BCPD officers file lawsuit against Baldwin
Although the long-threatened lawsuit by current and former Baldwin City Police officers has been filed in U.S. District Court, their attorney is still maintaining it could be dropped if the city would choose to settle out of court.
The city continues with its stance of being open to a proposal from Dennis Hawver, the officers' attorney, for a solution, according to City Administrator Larry Paine. Both sides believe the other should make first contact on a possible settlement.
"Just because it has gone into the federal court system, it doesn't mean they won't dismiss the lawsuit if their records are cleared and they are compensated for their losses," Hawver said from his Ozawkie office Monday. "We will always listen to any proposals that would correct the situation.
"I haven't gotten a call from anyone offering to make this right," he said. "I think the citizens of Baldwin have better things to spend their money on."
Cpl. Bill Dempsey, officers Eric Garcia and Chuck Hensley, and former officer Chuck Woolsoncroft are seeking damages in excess of $75,000 each for what Hawver is claiming were violations of their First and 14th amendment rights stemming from alleged actions that occurred after an investigation was launched into the department in July of 2001 because of yet another former officer, G.H. Rhea, who resigned less than a week later.
The four officers filed complaints against the city in March of 2002, which were precursors to the lawsuit filed Jan. 7. In April of 2002, Hawver made similar statements to the press regarding the possibility of settling the complaints before they became lawsuits. The city responded with a letter to that effort.
"As we so aptly stated in a letter from Bob (Bezek, city attorney) the last time he made a statement like this, it is his responsibility to make those efforts (proposed settlement) and not use the media as a negotiating platform," said Paine. "If Mr. Hawver was interested in settling this case, then Mr. Hawver should make some effort to do so rather than wishing that someone would call him.
"He's not a teen-age girl waiting by the phone on a Saturday night waiting for it to ring," he said. "If he had the slightest interest in wanting to settle he would not be talking to city officials, he should be talking to those people involved with it from the insurance company. He wants to play games and that's his business."
Discussion of the lawsuit was an agenda item at Tuesday's city council meeting. Paine didn't think there would be much change in the city's stance after Bezek addresses the council with the new information.
"Basically Bob's going to say we got the filing. The document has been reviewed and forwarded to the insurance company and there is nothing in there that indicates we should settle," said Paine.
Hawver said Monday that his clients would settle for the day's pay lost from suspensions levied against them and attorney's fees. He declined to say how much his fees amount to.
"That's between me and them," he said of his clients. "It's not insubstantial. I'm not cheap. It's a reasonable retainer and I'm paid by the hour. I just want my clients to get what's coming to them."
He also wanted to make it clear that he's not suggesting settlement because the lawsuits lack merit.
"I don't want anyone thinking this is someone wanting to settle a weak case," said Hawver. "I think it's a strong case."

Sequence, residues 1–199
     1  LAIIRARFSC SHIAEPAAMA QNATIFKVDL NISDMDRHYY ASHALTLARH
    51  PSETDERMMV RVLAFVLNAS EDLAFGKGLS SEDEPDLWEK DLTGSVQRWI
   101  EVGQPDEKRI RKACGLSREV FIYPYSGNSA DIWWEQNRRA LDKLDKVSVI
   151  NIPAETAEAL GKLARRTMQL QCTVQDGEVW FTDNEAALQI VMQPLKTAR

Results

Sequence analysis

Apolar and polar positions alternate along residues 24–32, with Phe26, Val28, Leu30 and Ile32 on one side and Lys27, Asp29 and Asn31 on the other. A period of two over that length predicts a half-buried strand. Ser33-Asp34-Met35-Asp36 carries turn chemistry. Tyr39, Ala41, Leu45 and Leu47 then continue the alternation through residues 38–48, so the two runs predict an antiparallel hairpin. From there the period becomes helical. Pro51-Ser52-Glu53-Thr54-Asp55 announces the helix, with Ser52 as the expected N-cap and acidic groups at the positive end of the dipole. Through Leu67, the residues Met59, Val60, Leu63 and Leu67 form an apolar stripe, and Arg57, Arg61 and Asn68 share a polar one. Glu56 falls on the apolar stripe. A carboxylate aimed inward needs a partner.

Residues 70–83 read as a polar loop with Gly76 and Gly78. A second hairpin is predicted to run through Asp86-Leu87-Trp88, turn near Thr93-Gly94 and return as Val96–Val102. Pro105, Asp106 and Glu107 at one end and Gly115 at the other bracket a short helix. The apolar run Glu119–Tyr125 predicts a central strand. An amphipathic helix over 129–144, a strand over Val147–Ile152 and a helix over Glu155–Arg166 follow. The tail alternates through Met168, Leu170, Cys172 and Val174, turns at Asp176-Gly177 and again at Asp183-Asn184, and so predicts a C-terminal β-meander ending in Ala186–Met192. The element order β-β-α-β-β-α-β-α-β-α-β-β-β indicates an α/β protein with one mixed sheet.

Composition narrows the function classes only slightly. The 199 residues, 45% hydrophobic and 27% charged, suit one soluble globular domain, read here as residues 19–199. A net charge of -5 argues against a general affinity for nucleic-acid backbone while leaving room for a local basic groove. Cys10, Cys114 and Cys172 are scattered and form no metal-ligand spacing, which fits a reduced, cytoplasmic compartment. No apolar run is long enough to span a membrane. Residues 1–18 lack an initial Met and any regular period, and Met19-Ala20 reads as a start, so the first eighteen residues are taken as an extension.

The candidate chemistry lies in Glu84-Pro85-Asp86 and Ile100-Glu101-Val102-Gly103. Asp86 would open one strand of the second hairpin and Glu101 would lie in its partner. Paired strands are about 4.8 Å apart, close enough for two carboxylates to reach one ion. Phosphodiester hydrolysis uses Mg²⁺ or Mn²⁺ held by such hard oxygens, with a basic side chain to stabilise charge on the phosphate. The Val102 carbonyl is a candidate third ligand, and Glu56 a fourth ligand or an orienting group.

He said the First Amendment violation stems from a memo written stating that police officers were not allowed to talk to city council members. The 14th Amendment violation was the result of the council ignoring his clients' request for a neutral fact finder to listen to their suspension appeals, he said.
Hawver also maintains that the personnel records for his clients contain wrongful information resulting from "politics." The city's policy is to release only information to potential employers that a person worked there, the amount of time they worked there and what they were paid. Hawver contends additional information was provided to others when his clients tried to gain employment elsewhere.
"Two of my clients were front runners for jobs in neighboring cities, but didn't get the jobs," he said. "We'll have to see in discovery how that happened."
He did agree when asked if the city wouldn't want to see those officers get jobs elsewhere.
"I would think so, too," said Hawver. "I don't have the information on how that all happened."
He also maintains that the three officers still with the department are concerned about their jobs. Woolsoncroft was fired in October for failing to follow written procedure in dealing with injured animals when he shot an injured cat in downtown Baldwin.
"Since that time (when complaints were filed with the city) one of my clients has been fired and the other three are constantly concerned that they are next on the list," Hawver said.
He also wanted to make it clear that the timing of the lawsuits had nothing to do with the hiring in December of new Police Chief Mike McKenna, who replaced Steve Butell who resigned last summer.
"My clients are extremely happy and impressed with the new chief," Hawver said. "It has nothing to do with the present department. I don't think it's (lawsuits) going to effect trust in the department. This is from previous grievances.
"My clients are continuing to be hurt by political mud. The ball has been in their (city) court for six months. It's a shame it's come to this. If they want to contact me now and talk, I'll be more than happy to do it."
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